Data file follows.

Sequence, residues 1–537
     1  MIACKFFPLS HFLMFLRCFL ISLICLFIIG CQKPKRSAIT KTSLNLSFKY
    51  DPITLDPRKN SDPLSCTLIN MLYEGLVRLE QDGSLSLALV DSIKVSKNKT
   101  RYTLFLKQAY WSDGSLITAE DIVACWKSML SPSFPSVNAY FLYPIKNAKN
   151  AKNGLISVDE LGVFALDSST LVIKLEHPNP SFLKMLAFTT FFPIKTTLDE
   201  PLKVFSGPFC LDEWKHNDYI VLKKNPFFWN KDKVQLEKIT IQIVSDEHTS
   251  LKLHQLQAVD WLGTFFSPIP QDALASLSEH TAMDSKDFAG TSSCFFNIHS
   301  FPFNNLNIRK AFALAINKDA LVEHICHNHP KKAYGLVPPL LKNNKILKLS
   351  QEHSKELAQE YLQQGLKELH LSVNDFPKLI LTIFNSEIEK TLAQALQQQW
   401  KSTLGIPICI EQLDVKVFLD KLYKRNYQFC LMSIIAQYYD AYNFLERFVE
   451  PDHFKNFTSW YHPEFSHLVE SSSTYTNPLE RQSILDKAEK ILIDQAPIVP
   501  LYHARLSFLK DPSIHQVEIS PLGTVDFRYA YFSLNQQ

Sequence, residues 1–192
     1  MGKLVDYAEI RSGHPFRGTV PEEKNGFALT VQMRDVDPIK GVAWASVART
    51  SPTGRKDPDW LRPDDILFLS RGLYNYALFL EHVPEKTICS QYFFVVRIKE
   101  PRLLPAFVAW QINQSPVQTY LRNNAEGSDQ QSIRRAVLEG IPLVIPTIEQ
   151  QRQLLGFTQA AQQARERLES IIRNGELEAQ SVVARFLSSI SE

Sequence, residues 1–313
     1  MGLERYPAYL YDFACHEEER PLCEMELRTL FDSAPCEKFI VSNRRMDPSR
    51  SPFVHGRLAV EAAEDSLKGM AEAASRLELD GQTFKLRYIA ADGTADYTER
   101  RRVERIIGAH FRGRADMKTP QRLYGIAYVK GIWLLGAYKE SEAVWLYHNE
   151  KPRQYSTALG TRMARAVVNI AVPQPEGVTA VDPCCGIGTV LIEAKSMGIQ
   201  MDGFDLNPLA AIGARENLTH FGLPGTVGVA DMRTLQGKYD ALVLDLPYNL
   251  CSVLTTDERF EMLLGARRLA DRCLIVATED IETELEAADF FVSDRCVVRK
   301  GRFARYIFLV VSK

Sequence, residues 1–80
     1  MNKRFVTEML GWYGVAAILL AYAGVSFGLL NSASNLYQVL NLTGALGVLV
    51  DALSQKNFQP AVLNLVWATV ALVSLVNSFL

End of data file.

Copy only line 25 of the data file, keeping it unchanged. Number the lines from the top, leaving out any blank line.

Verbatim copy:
   301  GRFARYIFLV VSK